via ZANU PF seeks Chinese help in media control | SW Radio Africa by Mthulisi Mathuthu November 28, 2013
In a move seen as part of a strategy to entrench its hold on the public mind ZANU PF this week dispatched a media delegation to China, which is has one of the poorest records of media freedom in the world. The Chinese government censors all methods of communication to maintain its hold on information and power.
A 2012 Freedom House report said ‘China’s media environment remained one of the world’s most restrictive ’.
A ZBC report on Tuesday said the delegation, which is led by the party’s secretary for information and publicity Rugare Gumbo, was going on an ‘exchange programme with the Communist Party of China.’ The report said the visit was intended ‘primarily to exchange ideas on how to modernise the print and electronic media in so far as information dissemination is concerned’. Also according to the report Gumbo is expected to meet with the Communist Party’s Information Department to discuss ‘methods of countering western propaganda and improving the effectiveness of the respective departments’.
In late October information minister Jonathan Moyo and the Chinese ambassador to Zimbabwe, Lin Lin, discussed how China could ‘help Zimpapers to acquire a state-of-the-art printing press for its Bulawayo operations’. Lin was quoted saying China was ‘ready to assist in the development of the media industry’.
Only in August the ZBC acquired from China a state-of-the art 12 channel audio outside broadcast van, worth more than $ 1 million.
Media expert Dr Winston Mano told SW Radio Africa that Zimbabwe was seeking ‘to unlock Chinese support’ for the public media through ‘party to party relations’ as opposed to government to government corporation. Mano said China is ‘sensitive to the criticism it is receiving over its involvement in Africa’ and is trying hard to prop up its public image, hence the party to party corporation.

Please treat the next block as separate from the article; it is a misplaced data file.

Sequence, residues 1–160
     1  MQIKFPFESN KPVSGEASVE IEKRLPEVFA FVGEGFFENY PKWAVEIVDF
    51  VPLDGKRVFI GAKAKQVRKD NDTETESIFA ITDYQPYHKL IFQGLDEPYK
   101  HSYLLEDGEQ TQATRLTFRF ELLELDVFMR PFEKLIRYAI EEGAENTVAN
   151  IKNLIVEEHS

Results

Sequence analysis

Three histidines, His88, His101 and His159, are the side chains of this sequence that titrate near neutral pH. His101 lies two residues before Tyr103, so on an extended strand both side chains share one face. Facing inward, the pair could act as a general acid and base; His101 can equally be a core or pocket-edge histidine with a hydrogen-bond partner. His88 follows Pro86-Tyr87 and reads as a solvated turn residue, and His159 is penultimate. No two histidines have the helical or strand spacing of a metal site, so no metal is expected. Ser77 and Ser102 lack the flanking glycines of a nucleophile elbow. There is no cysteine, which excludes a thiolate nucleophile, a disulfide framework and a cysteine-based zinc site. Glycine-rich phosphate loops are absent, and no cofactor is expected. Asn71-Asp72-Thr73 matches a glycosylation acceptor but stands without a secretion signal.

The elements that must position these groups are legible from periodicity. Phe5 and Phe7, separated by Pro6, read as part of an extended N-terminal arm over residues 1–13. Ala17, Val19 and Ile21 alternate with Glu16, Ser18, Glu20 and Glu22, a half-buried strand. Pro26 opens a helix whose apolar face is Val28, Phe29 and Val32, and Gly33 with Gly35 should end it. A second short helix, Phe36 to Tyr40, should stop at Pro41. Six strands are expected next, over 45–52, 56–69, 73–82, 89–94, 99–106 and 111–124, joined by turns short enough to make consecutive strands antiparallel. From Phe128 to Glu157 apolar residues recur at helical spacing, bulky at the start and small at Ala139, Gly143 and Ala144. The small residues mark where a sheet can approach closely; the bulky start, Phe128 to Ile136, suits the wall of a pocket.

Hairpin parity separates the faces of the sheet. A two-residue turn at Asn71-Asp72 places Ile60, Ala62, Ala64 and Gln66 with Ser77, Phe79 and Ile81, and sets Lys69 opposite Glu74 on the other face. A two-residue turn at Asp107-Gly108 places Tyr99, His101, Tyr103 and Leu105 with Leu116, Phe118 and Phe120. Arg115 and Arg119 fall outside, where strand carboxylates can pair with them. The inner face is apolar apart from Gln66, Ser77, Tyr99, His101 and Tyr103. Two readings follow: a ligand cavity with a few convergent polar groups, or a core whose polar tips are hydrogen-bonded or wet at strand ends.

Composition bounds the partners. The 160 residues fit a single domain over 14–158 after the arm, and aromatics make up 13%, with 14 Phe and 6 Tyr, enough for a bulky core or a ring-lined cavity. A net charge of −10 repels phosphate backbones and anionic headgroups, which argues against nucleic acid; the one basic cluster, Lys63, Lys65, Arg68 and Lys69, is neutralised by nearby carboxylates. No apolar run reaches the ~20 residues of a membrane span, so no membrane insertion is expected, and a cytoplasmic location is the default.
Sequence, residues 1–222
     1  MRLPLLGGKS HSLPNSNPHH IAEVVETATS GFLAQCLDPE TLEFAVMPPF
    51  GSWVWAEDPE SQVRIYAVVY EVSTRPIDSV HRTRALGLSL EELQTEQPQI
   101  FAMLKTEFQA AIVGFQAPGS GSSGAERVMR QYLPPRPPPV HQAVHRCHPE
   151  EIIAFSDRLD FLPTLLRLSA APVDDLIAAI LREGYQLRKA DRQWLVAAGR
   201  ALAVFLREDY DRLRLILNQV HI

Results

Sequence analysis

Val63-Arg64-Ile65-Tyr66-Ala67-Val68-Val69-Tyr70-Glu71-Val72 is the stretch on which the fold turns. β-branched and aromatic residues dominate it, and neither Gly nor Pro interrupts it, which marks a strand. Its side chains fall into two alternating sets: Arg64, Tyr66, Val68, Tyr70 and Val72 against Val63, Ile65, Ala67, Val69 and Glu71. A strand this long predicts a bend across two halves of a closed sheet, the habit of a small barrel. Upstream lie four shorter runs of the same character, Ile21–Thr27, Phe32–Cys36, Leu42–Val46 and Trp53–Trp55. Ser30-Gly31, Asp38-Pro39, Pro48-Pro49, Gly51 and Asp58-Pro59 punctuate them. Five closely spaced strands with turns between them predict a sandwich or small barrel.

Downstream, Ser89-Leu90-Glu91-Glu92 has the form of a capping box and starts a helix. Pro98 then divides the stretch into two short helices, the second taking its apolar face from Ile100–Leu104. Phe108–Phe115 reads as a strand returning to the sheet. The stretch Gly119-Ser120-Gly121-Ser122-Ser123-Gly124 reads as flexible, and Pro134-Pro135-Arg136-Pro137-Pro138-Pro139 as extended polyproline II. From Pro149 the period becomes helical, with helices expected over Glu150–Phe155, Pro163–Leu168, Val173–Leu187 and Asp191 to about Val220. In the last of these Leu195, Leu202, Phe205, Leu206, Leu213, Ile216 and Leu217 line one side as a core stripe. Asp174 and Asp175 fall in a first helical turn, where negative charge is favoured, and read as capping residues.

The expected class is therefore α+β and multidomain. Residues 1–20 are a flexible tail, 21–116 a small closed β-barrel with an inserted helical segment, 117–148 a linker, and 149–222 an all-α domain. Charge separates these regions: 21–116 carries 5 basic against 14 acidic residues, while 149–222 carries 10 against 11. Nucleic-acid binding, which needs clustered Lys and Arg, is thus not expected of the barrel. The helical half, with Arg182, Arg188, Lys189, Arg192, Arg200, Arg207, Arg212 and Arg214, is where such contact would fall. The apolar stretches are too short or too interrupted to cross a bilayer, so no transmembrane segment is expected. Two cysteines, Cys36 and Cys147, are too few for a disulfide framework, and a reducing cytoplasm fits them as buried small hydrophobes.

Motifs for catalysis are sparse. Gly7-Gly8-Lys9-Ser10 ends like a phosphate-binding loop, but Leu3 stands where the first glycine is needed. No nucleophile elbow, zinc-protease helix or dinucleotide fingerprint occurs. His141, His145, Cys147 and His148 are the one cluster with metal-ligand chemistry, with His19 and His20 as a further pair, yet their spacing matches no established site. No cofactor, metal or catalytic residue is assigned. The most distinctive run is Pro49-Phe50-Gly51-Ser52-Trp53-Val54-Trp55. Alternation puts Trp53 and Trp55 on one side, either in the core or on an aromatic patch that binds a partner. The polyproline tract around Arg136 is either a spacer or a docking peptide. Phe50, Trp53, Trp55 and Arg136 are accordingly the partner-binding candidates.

Mano said electronic media in Zimbabwe is badly equipped and ‘at the moment’ China is the only savior for the ZANU PF government with regards to new equipment.
Relations between ZANU PF and the Communist party back date to the 1970s liberation struggle.
Since Zimbabwe’s fall out with the West over human rights abuses and the land grab China and Zimbabwe have come closer, with the Asian giant at one time blocking UN targetted sanctions against its partner.
The visit to China comes at a time when the government is seen to be embarking on a sophisticated strategy to emasculate the media, using various tactics.
Only a few months ago Moyo embarked on a tour of media houses, with a charm offensive, urging cordial relations with his known adversaries. At the time his deputy, Supa Mandiwanzira, told the Senate that the government was in the process of licensing new radio stations to ‘get rid of pirate radio stations that have been spawning anti-Zimbabwe sentiments.’
A Thursday Herald report quoted Mandiwanzira urging media players to stop ‘spewing propaganda and politics’. Mandiwanzira warned media players that they would ‘soon be out of business’ if they persist with criticising President Mugabe and ZANU PF because ‘it has become unprofitable to do so’.
The government has been intermittently jamming SW Radio Africa broadcasts since 2005, using Chinese supplied equipment and training.